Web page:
The mental part of our Self is not satisfied with simply accessing our intentions and motives. Our minds want to know what they mean and how they affect us. Our conscious, rational aspect craves order, information, comprehension. We humans seem to have a basic need to organize, classify and characterize the world around us. When we apply this same need for knowledge and understanding to our inner world — our emotions, thoughts, instincts and intuitions — we are able to extract their value. What can we learn from what we feel? And how can we use these feelings to our benefit?
By keeping track of the circumstances and situations of our lives and our own conscious and unconscious responses to them, we can plot our course, chart our progress, project our aspirations, alter our habits, adjust our attitudes and plan our actions. “The decision to write a journal,” writes Christine Baldwin in Life’s Companion: Journal Writing as a Spiritual Quest “has been the most important decision I have ever made, because it has led to every other important decision I’ve ever made. The existence of the journal provides writers with confidence and courage that we can travel as far as the mind allows, and find our way home through the act of writing.”
The blueprints and maps for our lives can be found in the documentation that we keep. When we record our thoughts, feelings, dreams, coincidences, ideas, inspirations and omens, we have the raw data that we need to figure out what it is that we already know as well as what we still need to learn. I call this practice, “Noting the Process of Noting the Process.” I use the term “practice” advisedly. Practice implies attention, concentration and discipline. But the mental effort and dedication required is well rewarded by the Self-knowledge that we stand to gain.
The word “practice” also serves to remind us that there is no perfect. Whether we maintain a spiritual practice, a creative practice or a professional practice, we are always in the process of learning, adapting, accommodating, growing and changing. The only end comes when we die. In the meantime, all we have is the means, the very process of living, itself. We try, we move forward, we trip, we fall behind, we start again, and eventually we become, while not perfect, perfectly wonderful Queens.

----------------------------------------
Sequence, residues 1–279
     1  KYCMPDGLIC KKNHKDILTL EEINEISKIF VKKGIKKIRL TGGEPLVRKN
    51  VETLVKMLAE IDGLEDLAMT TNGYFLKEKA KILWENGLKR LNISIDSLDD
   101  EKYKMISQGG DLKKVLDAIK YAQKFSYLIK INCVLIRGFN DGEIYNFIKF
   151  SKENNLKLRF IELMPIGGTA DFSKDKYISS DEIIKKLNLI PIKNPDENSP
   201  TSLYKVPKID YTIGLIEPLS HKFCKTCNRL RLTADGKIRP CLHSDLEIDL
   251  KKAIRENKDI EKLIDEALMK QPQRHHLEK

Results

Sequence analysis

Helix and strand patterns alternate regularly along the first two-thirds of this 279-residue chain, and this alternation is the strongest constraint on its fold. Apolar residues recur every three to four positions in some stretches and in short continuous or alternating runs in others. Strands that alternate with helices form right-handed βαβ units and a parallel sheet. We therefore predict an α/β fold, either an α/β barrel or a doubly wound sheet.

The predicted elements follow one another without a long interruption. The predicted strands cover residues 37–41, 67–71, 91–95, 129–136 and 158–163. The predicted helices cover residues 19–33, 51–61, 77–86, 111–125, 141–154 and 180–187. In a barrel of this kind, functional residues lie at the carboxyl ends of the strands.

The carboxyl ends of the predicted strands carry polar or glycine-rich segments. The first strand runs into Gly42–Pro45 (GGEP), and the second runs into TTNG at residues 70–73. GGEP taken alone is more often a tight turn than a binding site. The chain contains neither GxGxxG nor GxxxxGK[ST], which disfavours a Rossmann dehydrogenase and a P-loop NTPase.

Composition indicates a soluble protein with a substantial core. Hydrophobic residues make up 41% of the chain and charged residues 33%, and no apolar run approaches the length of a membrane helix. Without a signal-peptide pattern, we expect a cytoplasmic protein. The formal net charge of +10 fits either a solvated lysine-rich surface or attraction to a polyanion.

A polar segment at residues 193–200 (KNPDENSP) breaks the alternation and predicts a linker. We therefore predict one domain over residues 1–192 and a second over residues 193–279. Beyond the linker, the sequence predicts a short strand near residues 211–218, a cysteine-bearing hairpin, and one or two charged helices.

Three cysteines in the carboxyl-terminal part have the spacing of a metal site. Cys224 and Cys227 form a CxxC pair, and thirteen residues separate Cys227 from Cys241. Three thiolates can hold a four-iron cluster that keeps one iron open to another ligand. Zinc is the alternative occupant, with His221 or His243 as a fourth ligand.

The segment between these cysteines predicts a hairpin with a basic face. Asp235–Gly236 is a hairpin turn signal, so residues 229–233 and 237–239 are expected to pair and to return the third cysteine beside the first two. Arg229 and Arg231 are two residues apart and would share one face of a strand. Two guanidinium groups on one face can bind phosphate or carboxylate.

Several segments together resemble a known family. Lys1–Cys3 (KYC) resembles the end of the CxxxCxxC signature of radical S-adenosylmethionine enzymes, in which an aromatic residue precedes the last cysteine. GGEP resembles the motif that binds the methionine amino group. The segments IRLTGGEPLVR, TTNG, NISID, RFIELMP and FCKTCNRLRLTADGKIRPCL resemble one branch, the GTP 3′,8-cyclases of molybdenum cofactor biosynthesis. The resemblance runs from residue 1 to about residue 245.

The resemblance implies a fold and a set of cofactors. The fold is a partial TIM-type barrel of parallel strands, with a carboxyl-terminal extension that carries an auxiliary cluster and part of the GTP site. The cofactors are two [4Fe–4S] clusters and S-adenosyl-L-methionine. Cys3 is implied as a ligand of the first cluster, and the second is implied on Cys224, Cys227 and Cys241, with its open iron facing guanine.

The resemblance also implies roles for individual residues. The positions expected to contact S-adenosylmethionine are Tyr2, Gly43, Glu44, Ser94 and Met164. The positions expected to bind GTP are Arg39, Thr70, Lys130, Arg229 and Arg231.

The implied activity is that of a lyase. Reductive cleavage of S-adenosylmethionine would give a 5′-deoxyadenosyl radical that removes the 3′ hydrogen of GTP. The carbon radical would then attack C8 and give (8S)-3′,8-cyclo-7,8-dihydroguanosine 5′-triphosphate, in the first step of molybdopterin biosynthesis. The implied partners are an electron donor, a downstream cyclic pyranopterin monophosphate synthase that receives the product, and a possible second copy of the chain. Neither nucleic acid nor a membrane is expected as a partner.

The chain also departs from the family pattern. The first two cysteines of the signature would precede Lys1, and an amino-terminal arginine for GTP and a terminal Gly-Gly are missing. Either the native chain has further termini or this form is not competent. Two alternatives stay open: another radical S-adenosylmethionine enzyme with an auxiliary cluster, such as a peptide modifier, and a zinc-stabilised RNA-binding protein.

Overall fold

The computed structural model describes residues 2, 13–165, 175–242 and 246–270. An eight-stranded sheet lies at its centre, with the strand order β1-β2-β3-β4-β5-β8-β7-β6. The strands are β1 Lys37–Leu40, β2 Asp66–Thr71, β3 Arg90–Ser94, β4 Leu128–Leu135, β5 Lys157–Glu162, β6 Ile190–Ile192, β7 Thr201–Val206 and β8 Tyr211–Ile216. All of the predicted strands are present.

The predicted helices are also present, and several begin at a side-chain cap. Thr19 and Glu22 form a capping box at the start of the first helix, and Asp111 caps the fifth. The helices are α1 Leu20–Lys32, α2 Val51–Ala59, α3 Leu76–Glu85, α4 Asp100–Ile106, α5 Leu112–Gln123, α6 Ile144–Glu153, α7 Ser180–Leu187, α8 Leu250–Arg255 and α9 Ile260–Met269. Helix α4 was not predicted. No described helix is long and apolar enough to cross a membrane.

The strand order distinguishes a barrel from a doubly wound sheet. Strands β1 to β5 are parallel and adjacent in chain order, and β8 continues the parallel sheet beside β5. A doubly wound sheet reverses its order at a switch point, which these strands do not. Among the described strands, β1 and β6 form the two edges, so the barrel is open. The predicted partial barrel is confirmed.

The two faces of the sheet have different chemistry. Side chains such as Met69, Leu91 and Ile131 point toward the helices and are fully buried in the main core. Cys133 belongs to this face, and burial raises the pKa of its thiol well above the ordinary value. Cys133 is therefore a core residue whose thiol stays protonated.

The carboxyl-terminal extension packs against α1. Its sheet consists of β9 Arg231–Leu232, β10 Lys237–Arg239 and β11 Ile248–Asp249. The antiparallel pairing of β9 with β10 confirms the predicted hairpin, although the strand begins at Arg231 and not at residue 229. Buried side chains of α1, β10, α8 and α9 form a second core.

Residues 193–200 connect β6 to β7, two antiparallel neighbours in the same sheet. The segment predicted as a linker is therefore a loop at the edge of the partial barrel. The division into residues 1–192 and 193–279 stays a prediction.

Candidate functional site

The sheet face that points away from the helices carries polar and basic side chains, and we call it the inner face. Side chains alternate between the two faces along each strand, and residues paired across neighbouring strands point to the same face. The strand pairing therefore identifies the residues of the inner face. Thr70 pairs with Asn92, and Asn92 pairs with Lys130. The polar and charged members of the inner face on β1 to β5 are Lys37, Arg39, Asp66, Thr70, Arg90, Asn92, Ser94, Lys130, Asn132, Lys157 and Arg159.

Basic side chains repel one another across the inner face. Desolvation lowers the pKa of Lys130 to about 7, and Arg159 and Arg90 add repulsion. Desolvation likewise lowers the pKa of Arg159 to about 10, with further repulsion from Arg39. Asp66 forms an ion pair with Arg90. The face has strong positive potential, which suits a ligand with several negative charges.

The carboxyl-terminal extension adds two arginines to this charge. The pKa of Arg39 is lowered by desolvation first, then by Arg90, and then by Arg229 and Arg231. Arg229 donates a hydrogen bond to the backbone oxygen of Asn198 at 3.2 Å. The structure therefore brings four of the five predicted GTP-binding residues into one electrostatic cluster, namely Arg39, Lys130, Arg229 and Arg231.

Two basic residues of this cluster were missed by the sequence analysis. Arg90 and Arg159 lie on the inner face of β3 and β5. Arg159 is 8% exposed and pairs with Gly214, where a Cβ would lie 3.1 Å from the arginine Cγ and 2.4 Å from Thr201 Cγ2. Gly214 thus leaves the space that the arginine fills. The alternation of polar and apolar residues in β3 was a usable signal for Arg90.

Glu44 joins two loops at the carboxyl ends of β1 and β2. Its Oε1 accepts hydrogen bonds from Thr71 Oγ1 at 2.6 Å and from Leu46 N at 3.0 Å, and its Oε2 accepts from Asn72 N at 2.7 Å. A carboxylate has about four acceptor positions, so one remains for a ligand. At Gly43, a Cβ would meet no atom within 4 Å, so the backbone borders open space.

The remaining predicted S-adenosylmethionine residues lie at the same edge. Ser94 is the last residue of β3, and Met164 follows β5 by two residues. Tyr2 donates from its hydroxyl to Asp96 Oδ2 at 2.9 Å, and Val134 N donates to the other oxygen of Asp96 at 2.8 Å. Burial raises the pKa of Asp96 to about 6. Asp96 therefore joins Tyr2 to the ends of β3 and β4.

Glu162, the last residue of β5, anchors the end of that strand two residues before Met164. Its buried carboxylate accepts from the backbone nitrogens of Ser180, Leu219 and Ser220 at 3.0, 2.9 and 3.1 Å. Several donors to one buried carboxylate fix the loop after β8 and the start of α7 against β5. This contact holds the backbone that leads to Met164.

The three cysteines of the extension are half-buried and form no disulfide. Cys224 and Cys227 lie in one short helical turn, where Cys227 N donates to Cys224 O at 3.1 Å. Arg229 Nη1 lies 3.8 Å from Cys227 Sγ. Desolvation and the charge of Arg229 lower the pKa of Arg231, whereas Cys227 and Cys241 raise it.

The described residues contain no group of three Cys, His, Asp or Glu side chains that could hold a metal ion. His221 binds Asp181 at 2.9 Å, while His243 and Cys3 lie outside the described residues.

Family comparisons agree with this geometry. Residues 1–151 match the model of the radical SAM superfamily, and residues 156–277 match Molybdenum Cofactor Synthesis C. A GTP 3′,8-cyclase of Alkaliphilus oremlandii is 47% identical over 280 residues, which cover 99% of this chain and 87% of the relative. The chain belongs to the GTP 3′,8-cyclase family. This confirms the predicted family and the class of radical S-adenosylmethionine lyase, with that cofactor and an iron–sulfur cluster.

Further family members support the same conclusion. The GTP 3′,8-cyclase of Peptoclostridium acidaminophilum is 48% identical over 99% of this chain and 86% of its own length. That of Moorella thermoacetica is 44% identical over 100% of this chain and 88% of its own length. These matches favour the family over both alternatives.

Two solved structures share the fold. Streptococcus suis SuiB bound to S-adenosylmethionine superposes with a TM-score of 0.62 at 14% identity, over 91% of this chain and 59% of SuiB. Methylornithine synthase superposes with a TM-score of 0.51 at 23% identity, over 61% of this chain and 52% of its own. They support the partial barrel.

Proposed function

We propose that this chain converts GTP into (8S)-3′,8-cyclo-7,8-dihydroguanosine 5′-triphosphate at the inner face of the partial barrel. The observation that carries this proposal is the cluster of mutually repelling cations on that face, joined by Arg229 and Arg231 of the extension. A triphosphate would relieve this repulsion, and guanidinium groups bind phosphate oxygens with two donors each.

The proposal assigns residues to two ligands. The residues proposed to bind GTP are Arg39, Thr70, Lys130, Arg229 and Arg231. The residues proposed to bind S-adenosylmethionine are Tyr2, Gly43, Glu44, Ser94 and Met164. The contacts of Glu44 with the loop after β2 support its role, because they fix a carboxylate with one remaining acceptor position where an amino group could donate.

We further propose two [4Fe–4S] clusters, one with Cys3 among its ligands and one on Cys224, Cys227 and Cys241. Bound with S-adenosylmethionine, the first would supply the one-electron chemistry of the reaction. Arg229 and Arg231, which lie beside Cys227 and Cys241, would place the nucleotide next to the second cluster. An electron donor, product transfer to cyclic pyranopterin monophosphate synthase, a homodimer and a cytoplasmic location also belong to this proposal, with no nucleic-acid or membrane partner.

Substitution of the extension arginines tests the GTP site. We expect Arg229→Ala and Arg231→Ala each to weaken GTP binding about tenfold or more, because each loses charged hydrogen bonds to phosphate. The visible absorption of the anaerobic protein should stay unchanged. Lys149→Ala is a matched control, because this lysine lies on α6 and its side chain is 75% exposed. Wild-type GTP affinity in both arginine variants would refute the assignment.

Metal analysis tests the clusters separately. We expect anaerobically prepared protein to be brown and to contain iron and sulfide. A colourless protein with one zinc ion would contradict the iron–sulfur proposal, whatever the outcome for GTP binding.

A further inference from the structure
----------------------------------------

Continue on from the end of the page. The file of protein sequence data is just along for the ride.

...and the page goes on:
Note the Process of Noting Your Process.
Keep track of your life and living.
Keep written, recorded, and/or visual journals of collages, drawings, or photographs that record and comment on your:
Keep your inherited and personal herstorical records:
Letters From You
Letters To You
If you do any sort of divinatory readings or consult any oracles, keep notes on these sessions:
Put ‘em all together and what have you got? Bibbidi-Bobbidi-YOU!
Want to learn more?
Download one of Mama Donna’s Spirit Support Skills Teleseminars, including:
NOTING THE PROCESS OF THE NOTING THE PROCESS: Keeping Track of Your Transformation
A Spirit Support Skills teleseminar with Mama Donna Henes, Urban Shaman
Learn how to recognize, organize and make sense of the patterns created by the signs, symbols, omens, and instinctual messages from your personal inner guidance so that they can help you create a more meaningful, effective and satisfactory life.
$5 per class
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Donna Henes is the author of The Queen of My Self: Stepping into Sovereignty in Midlife. She offers counseling and upbeat, practical and ceremonial guidance for individual women and groups who want to enjoy the fruits of an enriching, influential, purposeful, passionate, and powerful maturity. Consult the MIDLIFE MIDWIFE™
The Queen welcomes questions concerning all issues of interest to women in their mature years. Send your inquiries to email@example.com.